The DragonBox Pyra is a handheld computer with a 5 inch display, a TI OMAP 5 processor, a QWERTY keyboard and built-in game controllers. Designed to be a hackable, open hardware device, the little PC ships with Debian Linux but supports alternate operating systems, and you can use the Pyra as a general purpose computer or a portable gaming machine.
After years of development, the first DragonBox Pyra handheld computers are now being assembled and shipped to the first customers who placed pre-orders… although it might take a little while before all pre-orders are filled and the team behind the Pyra is ready to begin shipping units to customers who place new orders today.
Some of the computer’s hardware looks a little dated for a device that won’t arrive on doorsteps until early 2021, particularly the Texas Instruments OMAP 5432 processor, which is a dual-core ARM Cortex-A15 chip with PowerVR SGX544-MP2 graphics that was first launched in 2013.
But there’s really nothing else quite like the DragonBox Pyra on the market.
It bears a superficial resemblance to handheld gaming PCs like the GPD Win 2, but while some hackers have managed to get Ubuntu and other open source operating systems to run on GPD computers, the Pyra is designed to run GNU/Linux software, has hackable hardware and software, a user replaceable battery, and even the design schematics are available for download.
It also has more ports than you’ll find on most handheld computers, including:
- 1 x micro HDMI
- 1 x headset jack
- 1 x micro USB 3.0 OTG
- 2 x USB 2.0 Type-A
- 1 x micro USB for charging & debugging
- 2 x SDXC card slots (external)
- 1 x microSDXC card reader (internal)
The system can be configured to boot from the internal microSDXC card as well as eMMC, allowing you to easily run multiple operating systems.
Other features include 4GB of RAM, 32GB of eMMC storage, an adapter that allows you to connect SATA storage to a USB port, a backlit keyboard, game controllers with dual analog sticks, a D-Pad, four shoulder buttons, and 6 face buttons, a 6,000 mAh battery, configurable LED notification lights, a built-in microphone (but no webcam), stereo speakers, and a vibration motor.
The DragonBox Pyra has a 5 inch, 1280 x 720 pixel LCD display with support for resistive touch input (you can use a passive stylus, fingernail, or fingertip, but the screen won’t be as sensitive to finger touch as the capacitive displays used on most smartphones).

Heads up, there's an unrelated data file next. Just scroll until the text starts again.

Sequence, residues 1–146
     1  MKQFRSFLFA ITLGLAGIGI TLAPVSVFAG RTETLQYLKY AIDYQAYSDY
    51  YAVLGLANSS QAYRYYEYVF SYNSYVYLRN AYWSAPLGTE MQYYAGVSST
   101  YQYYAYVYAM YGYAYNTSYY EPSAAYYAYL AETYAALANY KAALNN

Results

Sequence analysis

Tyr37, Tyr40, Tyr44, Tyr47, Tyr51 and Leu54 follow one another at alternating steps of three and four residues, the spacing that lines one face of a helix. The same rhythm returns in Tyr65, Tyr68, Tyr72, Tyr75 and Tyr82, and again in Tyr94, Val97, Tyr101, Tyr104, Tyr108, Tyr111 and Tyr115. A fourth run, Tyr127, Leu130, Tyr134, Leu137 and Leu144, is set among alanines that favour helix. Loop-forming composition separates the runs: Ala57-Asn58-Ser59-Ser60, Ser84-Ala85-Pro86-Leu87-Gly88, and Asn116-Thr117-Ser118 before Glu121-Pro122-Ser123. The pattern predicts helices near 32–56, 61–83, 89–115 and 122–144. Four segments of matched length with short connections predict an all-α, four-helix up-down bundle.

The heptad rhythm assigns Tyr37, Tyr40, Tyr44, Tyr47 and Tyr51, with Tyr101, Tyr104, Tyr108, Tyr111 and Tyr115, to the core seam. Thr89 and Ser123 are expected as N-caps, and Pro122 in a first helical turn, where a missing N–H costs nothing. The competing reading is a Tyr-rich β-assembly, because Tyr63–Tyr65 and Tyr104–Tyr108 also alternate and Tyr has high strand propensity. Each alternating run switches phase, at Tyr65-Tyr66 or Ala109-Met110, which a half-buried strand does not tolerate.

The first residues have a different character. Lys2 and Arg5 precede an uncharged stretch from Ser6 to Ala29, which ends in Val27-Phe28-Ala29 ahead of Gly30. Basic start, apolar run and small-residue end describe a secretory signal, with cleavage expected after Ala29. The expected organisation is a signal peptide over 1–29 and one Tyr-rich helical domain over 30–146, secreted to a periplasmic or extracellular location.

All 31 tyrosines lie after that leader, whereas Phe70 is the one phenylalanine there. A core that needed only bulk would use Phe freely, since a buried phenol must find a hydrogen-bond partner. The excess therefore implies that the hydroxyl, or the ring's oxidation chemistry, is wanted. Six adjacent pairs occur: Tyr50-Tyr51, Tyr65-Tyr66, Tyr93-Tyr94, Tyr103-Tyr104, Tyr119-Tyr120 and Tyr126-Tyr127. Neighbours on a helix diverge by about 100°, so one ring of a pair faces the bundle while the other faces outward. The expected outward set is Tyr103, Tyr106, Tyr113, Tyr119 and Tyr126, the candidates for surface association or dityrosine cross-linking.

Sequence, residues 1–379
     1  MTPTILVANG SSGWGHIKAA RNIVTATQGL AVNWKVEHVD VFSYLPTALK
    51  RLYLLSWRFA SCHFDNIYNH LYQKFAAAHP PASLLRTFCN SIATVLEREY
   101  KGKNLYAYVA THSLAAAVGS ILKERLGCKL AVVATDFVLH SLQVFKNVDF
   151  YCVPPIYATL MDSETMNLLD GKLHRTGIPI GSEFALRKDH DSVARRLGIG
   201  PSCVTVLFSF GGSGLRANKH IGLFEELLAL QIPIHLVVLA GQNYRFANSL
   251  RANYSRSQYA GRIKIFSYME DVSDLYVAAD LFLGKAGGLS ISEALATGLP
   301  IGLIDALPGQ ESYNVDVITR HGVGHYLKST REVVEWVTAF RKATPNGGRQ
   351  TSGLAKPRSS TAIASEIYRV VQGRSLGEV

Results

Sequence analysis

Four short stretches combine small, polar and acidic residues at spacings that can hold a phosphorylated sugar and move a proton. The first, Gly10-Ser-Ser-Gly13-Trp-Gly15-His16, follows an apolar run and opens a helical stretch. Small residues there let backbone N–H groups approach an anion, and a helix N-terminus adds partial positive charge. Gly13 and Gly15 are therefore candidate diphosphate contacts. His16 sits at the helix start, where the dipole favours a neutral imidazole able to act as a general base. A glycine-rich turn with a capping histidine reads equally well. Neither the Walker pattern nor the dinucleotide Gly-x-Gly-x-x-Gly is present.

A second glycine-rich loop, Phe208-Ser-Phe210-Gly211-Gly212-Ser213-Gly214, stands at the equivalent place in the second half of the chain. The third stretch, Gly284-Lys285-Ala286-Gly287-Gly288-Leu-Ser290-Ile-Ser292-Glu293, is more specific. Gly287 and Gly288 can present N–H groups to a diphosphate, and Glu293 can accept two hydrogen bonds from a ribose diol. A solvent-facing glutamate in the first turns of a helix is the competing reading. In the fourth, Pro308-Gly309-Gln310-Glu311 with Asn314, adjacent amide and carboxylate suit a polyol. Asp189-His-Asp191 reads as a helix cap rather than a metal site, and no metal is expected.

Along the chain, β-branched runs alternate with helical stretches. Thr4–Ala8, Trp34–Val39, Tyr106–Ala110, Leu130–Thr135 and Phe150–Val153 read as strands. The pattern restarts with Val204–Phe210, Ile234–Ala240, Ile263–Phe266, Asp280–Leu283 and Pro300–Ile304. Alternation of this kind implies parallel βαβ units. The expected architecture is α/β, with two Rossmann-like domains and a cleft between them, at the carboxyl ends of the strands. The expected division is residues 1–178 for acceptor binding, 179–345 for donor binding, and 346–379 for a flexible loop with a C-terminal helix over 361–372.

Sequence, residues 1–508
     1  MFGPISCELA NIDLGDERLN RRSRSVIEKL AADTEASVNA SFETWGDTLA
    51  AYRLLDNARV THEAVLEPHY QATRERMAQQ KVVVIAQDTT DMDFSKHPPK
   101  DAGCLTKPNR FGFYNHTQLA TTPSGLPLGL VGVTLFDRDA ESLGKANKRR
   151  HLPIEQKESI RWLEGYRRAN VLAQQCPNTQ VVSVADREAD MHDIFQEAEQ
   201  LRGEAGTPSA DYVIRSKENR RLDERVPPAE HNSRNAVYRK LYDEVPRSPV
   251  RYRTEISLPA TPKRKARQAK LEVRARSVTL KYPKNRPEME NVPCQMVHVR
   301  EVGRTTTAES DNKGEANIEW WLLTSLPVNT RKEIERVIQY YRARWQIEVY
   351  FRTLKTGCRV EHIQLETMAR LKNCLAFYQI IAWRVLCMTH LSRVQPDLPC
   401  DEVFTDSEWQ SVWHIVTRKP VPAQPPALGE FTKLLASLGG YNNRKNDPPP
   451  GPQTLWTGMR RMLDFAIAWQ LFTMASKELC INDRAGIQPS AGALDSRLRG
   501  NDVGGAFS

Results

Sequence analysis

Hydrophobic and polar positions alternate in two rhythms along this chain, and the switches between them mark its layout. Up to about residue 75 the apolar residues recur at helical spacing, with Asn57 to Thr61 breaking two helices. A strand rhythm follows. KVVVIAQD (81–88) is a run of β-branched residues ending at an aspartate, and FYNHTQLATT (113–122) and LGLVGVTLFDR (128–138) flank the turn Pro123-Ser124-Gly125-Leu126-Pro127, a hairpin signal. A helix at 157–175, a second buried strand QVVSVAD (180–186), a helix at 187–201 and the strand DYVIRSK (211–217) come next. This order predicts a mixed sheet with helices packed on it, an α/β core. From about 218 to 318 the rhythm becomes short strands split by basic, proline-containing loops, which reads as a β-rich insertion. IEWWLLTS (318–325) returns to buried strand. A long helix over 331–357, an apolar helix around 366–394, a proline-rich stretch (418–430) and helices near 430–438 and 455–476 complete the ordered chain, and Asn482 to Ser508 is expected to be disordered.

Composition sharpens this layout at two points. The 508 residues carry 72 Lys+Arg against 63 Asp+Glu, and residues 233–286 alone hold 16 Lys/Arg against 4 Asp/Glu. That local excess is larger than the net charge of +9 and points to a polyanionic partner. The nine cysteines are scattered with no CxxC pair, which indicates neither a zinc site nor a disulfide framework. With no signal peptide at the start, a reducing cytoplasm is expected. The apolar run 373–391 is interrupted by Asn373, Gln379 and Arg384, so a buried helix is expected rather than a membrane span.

It supports 802.11a/b/g/n WiFi and Bluetooth 4.1, and there’s optional support for a cellular modem with support for 3G and 4G wireless networks and GPS.
Developed by a team led by Michael Mrozek (EvilDragon), the Pyra is something of a spiritual successor to the Pandora handheld Linux gaming computer that was released ten years ago, which Mrozek was also involved with.
The new model’s processor, wireless capabilities, and some other features may look a little anemic by 2020 standards, but they’re a big step up from the Pandora, which featured a TI OMAP3530 processor, an 800 x 480 pixel display, just 256MB of RAM and 512MB of built-in storage, and topped out at 802.11g WiFi and USB 2.0 speeds.
It’s also worth keeping in mind that while the Pyra is available for purchase, it’s a niche device that’s designed for open hardware enthusiasts and might not be the best fit for everyone. Part of the reason it’s taken four years to take the Pyra from concept device up for pre-pre-order to shipping product is that there’s a small team responsible for designing and testing the hardware and software and working with manufacturers capable of producing small batches of hardware at reasonable prices.
You can find pre-order information at the DragonBox Pyra web store, or read about the assembly of the first few hundred units in the Pyra forum.